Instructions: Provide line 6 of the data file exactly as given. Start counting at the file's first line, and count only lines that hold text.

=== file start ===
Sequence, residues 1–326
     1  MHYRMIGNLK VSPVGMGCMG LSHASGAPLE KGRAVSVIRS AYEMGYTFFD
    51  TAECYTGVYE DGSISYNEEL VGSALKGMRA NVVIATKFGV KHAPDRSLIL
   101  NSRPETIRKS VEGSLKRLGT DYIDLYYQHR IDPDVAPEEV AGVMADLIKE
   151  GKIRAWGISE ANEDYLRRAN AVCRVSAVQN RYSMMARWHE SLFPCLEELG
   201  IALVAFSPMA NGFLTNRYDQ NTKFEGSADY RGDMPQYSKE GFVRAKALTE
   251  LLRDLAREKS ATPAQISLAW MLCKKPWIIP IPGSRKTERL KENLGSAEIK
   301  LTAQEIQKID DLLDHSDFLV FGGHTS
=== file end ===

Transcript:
   201  IALVAFSPMA NGFLTNRYDQ NTKFEGSADY RGDMPQYSKE GFVRAKALTE